Clove, a Precious Spice


(Nigeria Natural Medicine Development Agency)

Clove, botanically known as Syzyigium aromaticum (Fam. Myrtaceae ), is widely recognised all over the world for its medicinal and culinary qualities. It consists of a long calyx that terminates in four spreading sepals, and four unopened petals that form a small central ball. It is called albasa in hausa, kloovu in igbo and ata ile in Yoruba.


Cloves contain calories, carbohydrates, fibre, manganese, vitamin K, vitamin C, calcium, magnesium and vitamin E. Other important essential oil constituents of clove oil include acetyl eugenol,  betacaryophyllene and vanillin, crategolic acid, tannins, such as bicornin, gallotannic acid, methyl salicylate, the flavonoids eugenin, kaempferol, rhamnetin, and eugenitin, triterpenoids, such as oleanolic acid, stigmasterol, and campesterol and several sesquiterpenes.


As a supplement, the spice can either be used in its whole form, ground form, or reduced to its essential oil. It may also be simmered whole in boiling water for five to ten minutes to make a soothing cup of clove tea. It can easily be incorporated into many dishes, beverages, cookies and cakes for its flavour.

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Pharmacological actions and medicinal uses

Some research show that the compounds found in cloves can help protect against cancer. Test-tube studies found that clove extract helped stop the growth of tumours and promoted cell death in oesophageal, breast and cervical cancer cells, respectively.

Image of a clove bud

Cloves can help the oesophagus produce more phlegm and act as an expectorant, making coughs less severe and more productive. It can be used for treating bronchitis and asthma. The oil soothes the respiratory tract and also has an anti-inflammatory effect. The oil has been used as an antiemetic with inconsistent clinical results. Use of the oil in dentistry as an analgesic and local antiseptic continues today. It also has been used topically as a counterirritant.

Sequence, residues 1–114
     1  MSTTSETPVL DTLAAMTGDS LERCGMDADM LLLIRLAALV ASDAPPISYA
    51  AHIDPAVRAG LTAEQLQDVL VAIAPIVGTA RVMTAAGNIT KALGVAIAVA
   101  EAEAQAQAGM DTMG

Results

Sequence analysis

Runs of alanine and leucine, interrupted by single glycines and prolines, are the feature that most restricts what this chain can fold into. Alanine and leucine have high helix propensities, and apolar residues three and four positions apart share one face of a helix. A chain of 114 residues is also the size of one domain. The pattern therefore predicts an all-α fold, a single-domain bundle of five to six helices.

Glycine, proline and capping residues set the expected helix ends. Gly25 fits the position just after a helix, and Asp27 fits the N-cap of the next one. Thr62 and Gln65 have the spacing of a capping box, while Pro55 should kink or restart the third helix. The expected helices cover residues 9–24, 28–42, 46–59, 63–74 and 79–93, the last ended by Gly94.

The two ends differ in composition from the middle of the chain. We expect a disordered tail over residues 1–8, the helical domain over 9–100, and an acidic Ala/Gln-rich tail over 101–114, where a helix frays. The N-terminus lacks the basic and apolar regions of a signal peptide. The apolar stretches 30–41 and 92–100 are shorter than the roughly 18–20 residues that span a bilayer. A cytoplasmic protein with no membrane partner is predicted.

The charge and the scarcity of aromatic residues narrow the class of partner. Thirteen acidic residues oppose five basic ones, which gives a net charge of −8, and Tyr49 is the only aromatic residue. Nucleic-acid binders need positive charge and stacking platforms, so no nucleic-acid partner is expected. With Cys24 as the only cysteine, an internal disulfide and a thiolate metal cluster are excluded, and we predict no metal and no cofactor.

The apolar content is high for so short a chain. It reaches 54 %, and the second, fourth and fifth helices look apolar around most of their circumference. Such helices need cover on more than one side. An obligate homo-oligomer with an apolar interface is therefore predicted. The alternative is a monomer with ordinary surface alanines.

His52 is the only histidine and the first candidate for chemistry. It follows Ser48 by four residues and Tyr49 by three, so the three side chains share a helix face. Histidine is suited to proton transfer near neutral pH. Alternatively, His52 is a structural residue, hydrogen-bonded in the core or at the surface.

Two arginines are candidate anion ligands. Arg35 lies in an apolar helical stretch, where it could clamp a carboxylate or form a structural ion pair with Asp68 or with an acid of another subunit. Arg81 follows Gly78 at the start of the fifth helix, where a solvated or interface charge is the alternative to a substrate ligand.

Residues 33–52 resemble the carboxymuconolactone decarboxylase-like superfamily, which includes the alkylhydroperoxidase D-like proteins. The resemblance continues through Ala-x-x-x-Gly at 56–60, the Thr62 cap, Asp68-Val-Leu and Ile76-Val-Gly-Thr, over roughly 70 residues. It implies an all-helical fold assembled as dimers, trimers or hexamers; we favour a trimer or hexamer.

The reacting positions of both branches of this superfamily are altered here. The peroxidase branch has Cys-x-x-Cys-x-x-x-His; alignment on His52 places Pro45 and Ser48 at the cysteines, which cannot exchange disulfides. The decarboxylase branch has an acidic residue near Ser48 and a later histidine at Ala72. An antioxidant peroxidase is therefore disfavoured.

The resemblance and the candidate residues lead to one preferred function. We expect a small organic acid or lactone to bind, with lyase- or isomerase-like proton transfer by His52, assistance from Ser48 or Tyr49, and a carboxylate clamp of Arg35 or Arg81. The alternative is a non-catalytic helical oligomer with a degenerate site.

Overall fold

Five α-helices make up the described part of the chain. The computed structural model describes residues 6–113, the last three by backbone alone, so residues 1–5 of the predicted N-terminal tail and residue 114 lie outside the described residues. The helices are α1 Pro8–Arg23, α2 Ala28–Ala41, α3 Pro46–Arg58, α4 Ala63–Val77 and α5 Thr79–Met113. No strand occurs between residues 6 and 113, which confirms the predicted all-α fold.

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A test-tube study showed that clove essential oil was effective in killing off three common types of bacteria, including E. coli, a strain of bacteria that can cause cramps, diarrhoea, fatigue and even death.  Some animal studies show that clove extract and clove oil may increase the production of gastric mucus and help protect against stomach ulcers.

Cloves and nigericin were found to increase the uptake of sugar from the blood into cells, increase the secretion of insulin and improve the function of cells that produce insulin, thereby lowering blood sugar.

Animal studies show that clove extract and manganese may help increase bone mineral density. Studies have shown that cloves can prevent premature ejaculation, enhance testicular function and ultimately boost testosterone levels.

Clove can work as a repellant and insecticide against ants, mosquitoes and fleas. A new application of clove as larvicidal agent is a strategy worth exploring to combat dengue, which is a serious health problem in some tropical countries.

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Different studies have confirmed the traditional use of clove as food preservative and medicinal plant, making this plant stand out for different applications

Adverse effects

Overdosing on clove oil may cause liver damage, especially in children. Its use may cause adverse effects if taken orally by people with liver disease, blood clotting and immune system disorders, or food allergies.

Economic potentials

Currently, the marketability of cloves brings a regular income to households, ensuring food security for them.  Eugenol, found in clove, is a molecule of interest in a number of commercial sectors and poses great potential for the cosmetic industry, agricultural applications, human and veterinary pharmaceuticals and the food industry.



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